Onlookers could see the green and blue patterns of the Ho-Chunk flag waving on top of Bascom Hall last Friday. This was part of a flag-raising ceremony designed to “move from ignorance to awareness” regarding Wisconsin’s indigenous history.
Flying concurrently with the state flag and US flag for the rest of the day, it was the first time in UW-Madison’s history that the flag of another nation was flown on the campus hill. The effort is led by Aaron Bird Bear, tribal relations director at UW-Madison – a recent role implemented in 2019.
Bird Bear stressed the importance of acknowledging Ho-Chunk history within the campus grounds.
“This place was so significant as a cultural center for many thousands of years. We’re really special to learn and grow from the transformative power of the abundance and energy of this space,” Bird Bear states.
Ho-Chunk ancestors lived in what is now the UW-Madison campus area for about 12,000 years. A treaty signed in 1832 forced them to give up territory that became the UW-Madison campus; the Ho-Chunk ceded more land in 1837, faced with the government’s threat to withhold payments from the 1832 treaty.
In 2019, UW-Madison dedicated a plaque on Bascom Hill to recognize the campus as the ancestral home of the Ho-Chunk. Titled “Our Shared Future”, the plaque acknowledges that the university occupies ancestral land, a place the Ho-Chunk Nation has called Teejop (DAY-jope) since time immemorial.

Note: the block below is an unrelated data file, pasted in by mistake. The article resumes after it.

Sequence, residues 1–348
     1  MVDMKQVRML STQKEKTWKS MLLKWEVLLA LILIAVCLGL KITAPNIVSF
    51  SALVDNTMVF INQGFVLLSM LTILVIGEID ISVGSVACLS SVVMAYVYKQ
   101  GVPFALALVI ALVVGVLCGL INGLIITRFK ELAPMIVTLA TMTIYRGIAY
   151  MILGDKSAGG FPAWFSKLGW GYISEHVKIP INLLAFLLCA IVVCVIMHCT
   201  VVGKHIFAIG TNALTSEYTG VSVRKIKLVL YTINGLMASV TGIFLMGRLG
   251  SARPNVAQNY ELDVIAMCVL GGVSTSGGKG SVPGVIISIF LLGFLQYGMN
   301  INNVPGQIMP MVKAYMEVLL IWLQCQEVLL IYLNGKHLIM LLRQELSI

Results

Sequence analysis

Speaking at the flag-raising ceremony, Chancellor Rebecca Blank emphasized that this work is long overdue.
“For many years, UW Madison was not mindful of its history, and we paid little attention to our relationship with the descendants of those who were here long before us. But we are working to change that. A little over two years ago we gathered over there on Bascom Hill to dedicate a heritage marker that recognizes this land as the ancestral home of the Ho-Chunk people, recognizes forcible attempts to remove them, and honors their history of resilience and resistance,” said Blank.
Members and dignitaries of the Ho-Chunk Nation participated in the ceremony, including Traditional Chief Clayton Winneshiek, Vice President Karena Thundercloud, the Wisconsin Dells Singers, and members of Sanford WhiteEagle Legion Post 556 Color Guard.
Vice President Karena Thundercloud urged that understanding history is a joint effort.
“This occasion that you are witnessing today, is not only an acknowledgement of all that is history, but a testimony that our community is intertwined. This flag will enhance the conversation, as Chancellor Blank has said when dedicating the heritage marker in 2019. This moves us from ignorance to awareness, and is the greater indication of the international effort to teach our shared history,” Thundercloud said.
Photos by Chali Pittman / WORT News.